I speak with Carlos De la Guardia, an amateur AGI researcher and musician  with a longtime interest in Popper and Deutsch. We discuss how one can apply the philosophy of critical rationalism, and some of David Deutsch’s ideas, to 'real life'. How should one act, given that problems are inevitable, and life is literally unpredictable? We also discuss how critical rationalism may help us to have more productive disagreements, effective altruism, and the universal constructor. Carlos' Twitter - Twitter - Website - Patreon - Some books mentioned:  Zero to One, by Peter Thiel - The Logic of Scientific Discovery, by Karl Popper - The Lunar Men: Five Friends Whose Curiosity Changed the World, by Jenny Uglow -
December 9, 2019
Fallible Animals Episode 10: Interview with Physicist Sabine Hossenfelder
I interview physicist and science writer Sabine Hossenfelder. She is a Research Fellow at the Frankfurt Institute for Advanced Studies, where she leads the Analog Systems for Gravity Duals group and researches quantum gravity. We discuss ideas from her book, Lost in Math: How Beauty Leads Physics Astray, such as the role of philosophical ideas of beauty, naturalness, and elegance in fundamental physics and the sociological factors that affect scientific research. We also discuss often misunderstood ideas in fundamental physics, such as the difference between a Grand Unified Theory and a Theory of Everything, and the difference between time-invariance and time reversibility.  Dr. Hossenfelder's Twitter - @skdh Dr. Hossenfelder's book, Lost in Math: How Beauty Leads Physics Astray - Dr. Hossenfelder's website - Dr. Hossendelder's blog - My appearance on Christofer Lovgren's podcast, Do Explain - My recent article with Areo Magazine, People and the Cosmos: Constructor Theory - Patreon - Twitter - Articles -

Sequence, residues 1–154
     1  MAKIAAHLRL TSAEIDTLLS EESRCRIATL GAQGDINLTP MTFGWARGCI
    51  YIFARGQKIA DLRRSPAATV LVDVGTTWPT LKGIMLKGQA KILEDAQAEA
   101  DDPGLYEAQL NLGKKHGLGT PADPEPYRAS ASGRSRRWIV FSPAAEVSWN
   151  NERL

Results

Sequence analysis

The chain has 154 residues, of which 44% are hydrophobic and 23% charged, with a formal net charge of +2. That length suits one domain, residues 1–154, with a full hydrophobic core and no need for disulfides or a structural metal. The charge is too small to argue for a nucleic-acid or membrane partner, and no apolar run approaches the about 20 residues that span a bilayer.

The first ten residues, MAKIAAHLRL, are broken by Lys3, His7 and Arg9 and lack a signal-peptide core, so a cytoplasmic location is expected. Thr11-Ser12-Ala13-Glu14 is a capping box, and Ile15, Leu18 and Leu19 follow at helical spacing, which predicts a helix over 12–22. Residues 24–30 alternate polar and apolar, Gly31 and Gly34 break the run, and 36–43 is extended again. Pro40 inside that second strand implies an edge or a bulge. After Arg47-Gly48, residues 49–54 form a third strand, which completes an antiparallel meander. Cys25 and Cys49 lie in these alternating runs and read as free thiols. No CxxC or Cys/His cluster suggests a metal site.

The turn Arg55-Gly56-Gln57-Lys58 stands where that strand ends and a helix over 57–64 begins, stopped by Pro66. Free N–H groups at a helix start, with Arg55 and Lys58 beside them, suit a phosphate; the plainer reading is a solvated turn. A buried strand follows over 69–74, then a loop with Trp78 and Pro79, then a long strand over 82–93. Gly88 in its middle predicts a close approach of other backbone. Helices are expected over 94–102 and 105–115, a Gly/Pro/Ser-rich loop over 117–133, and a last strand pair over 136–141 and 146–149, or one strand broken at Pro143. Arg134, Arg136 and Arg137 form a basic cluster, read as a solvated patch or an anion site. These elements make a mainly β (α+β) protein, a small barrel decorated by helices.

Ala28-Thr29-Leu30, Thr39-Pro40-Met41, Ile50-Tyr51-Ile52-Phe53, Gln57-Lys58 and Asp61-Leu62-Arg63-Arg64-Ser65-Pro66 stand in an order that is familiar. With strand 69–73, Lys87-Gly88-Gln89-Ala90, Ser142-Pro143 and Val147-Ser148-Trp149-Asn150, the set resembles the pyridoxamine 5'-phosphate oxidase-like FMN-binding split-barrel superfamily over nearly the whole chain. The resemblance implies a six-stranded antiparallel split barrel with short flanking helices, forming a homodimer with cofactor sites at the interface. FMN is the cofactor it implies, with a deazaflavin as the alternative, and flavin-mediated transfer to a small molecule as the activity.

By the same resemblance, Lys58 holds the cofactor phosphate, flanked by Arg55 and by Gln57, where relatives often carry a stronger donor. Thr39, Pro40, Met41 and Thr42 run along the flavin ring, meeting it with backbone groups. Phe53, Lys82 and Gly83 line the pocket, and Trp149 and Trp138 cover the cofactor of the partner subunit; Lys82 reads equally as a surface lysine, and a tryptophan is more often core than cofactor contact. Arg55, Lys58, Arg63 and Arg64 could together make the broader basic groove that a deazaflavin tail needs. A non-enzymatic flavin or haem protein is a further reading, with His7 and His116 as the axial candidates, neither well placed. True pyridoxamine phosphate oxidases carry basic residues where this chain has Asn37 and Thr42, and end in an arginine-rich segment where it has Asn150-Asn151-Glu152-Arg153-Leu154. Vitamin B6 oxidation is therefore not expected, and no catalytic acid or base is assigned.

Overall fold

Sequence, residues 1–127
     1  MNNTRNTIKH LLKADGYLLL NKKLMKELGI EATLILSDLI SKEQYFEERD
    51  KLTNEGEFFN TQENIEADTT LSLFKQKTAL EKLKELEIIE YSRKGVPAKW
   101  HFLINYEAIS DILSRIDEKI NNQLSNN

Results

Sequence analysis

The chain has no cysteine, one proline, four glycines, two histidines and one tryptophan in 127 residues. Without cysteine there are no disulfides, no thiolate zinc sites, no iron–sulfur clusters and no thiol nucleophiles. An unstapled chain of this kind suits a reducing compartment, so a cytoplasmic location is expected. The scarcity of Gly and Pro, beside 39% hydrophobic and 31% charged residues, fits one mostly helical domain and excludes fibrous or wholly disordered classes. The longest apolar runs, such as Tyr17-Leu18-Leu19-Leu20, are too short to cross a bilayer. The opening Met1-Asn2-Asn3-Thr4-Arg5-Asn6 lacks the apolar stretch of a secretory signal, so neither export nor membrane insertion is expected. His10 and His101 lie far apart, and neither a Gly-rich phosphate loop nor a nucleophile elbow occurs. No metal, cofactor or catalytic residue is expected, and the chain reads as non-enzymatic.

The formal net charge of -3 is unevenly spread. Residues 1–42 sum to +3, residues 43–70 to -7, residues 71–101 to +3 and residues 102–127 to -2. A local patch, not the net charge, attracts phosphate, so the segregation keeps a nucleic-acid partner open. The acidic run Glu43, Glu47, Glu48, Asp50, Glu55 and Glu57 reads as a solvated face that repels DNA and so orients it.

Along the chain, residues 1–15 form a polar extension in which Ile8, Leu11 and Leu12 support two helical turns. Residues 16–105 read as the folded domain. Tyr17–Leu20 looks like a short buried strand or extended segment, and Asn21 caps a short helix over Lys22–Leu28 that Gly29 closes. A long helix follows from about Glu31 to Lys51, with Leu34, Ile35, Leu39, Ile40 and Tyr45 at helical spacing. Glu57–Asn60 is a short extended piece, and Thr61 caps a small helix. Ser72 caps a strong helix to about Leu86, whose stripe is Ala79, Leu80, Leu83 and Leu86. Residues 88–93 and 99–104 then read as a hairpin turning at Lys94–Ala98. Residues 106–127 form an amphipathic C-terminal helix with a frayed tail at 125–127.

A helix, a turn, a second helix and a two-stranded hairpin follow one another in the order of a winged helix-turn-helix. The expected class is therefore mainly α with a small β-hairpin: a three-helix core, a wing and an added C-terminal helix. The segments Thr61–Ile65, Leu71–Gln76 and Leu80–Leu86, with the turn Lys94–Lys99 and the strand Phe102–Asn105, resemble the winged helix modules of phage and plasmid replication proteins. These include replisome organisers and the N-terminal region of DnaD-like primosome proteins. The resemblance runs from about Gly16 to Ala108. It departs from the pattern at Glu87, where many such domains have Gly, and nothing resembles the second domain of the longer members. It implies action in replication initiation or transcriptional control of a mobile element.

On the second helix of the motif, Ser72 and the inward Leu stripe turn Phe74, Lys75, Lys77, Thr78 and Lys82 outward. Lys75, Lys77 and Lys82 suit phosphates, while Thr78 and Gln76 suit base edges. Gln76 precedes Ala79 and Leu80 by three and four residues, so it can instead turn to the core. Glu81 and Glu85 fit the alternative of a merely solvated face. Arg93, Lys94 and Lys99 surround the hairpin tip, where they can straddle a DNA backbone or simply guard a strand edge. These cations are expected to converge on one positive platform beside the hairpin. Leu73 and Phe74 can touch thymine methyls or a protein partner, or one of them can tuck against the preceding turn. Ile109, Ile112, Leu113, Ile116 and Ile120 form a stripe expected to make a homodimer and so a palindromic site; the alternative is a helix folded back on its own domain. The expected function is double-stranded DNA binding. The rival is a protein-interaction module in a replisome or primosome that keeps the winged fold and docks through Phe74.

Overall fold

November 29, 2019
Fallible Animals Episode 9: Laws vs. Principles
We discuss the difference between laws versus principles as elucidated by constructor theory, and why it matters. Constructor theory may be thought of as a 'theory of theories' whose principles constrain other theories. Just as these subsidiary, object-level theories constrain the behavior of physical phenomena, so too constructor theory, as a meta-level theory, constrains the behavior of object-level theories both known and unknown. Constructor theoretic principles can also constrain and solve problems with theories that explain inherently unpredictable phenomena, such as those of biology, economics, and epistemology. My patreon page - Economic Creationism - Twitter - Articles - Foundational Paper on Constructor Theory - Constructor Theory of Life - The Upright Thinkers -
November 16, 2019
Fallible Animals Episode 8: Interview with Astrobiologist Lewis Dartnell
I interview award-winning astrobiologist and science writer Lewis Dartnell. We discuss themes from his most recent book, Origins: How The Earth Made Us, as well as ideas from his field of study, astrobiology. Dr. Dartnell holds the Professorship in Science Communication at the University of Westminster. Interview topics include: how the Earth's cycles may have driven human evolution, humanity's search for extraterrestrial life, the shadow biosphere, why some civilizations came to dominate the globe, and more. Dr. Dartnell's homepage - Dr. Dartnell's Twitter - Twitter - Articles -
November 11, 2019
Fallible Animals Episode 7: Interview with Science Writer Graham Farmelo